EVERETT, Wash. - Tour boat captains Carl Williams and Michael Colahan were preparing for the arrival of California Gray Whales last week when they heard a very loud and persistent noise.
"Definitely the first round was just a full on ping," said Williams, who said it went on for hours and then began again a few days later.
They weren't the only ones hearing it. Washington State Ferry officials confirm workers on a Clinton to Mukilteo run also heard it and complained. The Navy has confirmed it was conducting pier side sonar testing at the Everett Naval Station.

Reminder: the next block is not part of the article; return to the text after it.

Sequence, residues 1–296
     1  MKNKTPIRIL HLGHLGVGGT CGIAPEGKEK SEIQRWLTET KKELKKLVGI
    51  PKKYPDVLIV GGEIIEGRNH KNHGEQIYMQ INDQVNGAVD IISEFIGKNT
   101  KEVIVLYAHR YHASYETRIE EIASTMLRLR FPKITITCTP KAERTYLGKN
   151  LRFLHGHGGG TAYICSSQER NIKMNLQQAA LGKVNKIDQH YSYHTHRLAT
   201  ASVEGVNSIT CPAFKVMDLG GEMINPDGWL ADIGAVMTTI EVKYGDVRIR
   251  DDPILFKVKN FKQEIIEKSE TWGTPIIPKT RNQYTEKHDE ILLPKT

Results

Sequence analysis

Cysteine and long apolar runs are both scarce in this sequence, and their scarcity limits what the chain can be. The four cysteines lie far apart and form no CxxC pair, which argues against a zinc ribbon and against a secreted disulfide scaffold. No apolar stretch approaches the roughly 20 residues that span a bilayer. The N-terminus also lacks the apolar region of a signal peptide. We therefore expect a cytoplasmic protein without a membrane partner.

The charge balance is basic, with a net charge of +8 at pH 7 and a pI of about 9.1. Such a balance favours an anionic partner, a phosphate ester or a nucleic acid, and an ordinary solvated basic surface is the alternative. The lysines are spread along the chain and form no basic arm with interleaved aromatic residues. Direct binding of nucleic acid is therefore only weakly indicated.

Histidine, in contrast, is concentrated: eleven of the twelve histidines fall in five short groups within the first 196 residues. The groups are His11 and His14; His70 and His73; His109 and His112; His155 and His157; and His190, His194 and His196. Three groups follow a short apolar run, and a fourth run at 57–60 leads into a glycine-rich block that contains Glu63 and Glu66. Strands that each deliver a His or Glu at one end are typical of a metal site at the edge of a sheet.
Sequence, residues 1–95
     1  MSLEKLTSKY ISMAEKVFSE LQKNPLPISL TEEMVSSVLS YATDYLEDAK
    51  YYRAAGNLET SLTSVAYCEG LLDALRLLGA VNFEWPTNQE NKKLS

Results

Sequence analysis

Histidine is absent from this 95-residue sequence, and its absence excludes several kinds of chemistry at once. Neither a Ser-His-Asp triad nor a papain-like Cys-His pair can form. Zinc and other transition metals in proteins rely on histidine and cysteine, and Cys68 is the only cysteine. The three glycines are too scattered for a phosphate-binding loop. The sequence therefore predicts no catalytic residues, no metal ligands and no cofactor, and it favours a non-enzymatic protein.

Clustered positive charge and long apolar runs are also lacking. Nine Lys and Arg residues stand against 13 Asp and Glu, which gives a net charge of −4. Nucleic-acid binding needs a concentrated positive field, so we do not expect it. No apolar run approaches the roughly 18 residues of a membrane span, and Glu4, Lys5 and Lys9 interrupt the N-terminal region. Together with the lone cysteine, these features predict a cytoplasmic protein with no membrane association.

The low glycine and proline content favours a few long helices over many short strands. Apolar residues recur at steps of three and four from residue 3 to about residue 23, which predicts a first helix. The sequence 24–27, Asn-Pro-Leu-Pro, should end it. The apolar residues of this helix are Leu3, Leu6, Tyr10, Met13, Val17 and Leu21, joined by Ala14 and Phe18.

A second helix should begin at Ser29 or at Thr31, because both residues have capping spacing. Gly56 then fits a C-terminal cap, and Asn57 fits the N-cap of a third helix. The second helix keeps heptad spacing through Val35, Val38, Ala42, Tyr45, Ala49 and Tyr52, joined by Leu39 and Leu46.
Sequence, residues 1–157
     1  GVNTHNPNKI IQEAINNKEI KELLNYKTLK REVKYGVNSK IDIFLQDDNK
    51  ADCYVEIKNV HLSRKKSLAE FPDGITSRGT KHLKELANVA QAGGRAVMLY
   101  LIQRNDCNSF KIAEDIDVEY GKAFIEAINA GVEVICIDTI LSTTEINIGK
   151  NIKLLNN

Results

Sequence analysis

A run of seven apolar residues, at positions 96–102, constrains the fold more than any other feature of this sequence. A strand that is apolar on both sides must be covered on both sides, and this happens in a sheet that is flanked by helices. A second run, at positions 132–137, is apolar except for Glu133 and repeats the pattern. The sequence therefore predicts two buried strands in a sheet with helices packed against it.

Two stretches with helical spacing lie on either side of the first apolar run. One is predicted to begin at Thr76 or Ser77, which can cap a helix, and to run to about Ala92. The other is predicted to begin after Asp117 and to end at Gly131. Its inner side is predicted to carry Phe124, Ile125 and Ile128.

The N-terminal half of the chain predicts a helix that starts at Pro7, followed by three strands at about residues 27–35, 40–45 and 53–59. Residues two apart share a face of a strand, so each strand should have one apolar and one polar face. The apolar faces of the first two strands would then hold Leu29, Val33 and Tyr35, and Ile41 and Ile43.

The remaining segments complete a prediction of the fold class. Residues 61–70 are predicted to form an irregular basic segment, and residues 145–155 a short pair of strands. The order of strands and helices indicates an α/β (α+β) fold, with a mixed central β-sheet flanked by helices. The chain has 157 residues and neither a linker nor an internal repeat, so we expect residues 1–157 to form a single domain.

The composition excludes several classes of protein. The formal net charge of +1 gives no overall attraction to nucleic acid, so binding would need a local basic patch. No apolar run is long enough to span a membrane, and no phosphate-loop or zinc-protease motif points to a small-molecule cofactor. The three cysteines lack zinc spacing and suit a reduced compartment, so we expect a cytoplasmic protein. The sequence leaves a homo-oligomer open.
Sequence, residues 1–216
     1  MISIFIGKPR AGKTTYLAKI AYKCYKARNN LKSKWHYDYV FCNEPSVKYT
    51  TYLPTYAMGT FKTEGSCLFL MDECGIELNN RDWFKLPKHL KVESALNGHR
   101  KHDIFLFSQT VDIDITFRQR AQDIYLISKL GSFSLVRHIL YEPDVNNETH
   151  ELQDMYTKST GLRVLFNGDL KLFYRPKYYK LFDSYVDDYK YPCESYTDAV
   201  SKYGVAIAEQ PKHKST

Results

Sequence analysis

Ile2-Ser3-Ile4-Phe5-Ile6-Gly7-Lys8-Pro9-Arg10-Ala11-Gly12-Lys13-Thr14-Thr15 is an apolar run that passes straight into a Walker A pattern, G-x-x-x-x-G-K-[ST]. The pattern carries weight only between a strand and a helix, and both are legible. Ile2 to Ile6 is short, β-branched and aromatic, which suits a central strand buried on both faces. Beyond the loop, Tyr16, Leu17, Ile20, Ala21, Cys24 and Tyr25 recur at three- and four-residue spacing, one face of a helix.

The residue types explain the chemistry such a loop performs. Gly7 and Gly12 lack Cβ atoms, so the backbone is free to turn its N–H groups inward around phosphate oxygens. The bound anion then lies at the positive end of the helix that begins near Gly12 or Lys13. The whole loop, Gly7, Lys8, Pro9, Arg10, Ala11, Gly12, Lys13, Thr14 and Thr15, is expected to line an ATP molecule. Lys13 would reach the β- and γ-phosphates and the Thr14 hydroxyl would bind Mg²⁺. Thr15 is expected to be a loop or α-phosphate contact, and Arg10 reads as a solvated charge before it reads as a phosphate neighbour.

Marine researchers, including John Calambokidis of Olympia-based Cascadia Research, say sonar testing is always a concern around whales. Gray whales almost always stop in to Puget Sound during their annual migration from the California to the Arctic.
Whale boat operators and others said testing during the arrival of the whales threatens to interrupt the migration and chase off the whales along with the tourism business and educational opportunities they attract.
Sonar has been blamed for causing damage to whale hearing and even fatal strandings.
The Navy issued a statement, saying "The Navy was conducting pierside testing of mid-frequency active sonar at Naval Station Everett yesterday. This is routine testing that is a longstanding and ongoing requirement, and is an essential process in preparing a Navy ship to get underway.
Pierside testing is not continuous, but consists of very brief transmissions of acoustic energy interspersed with longer silent periods. "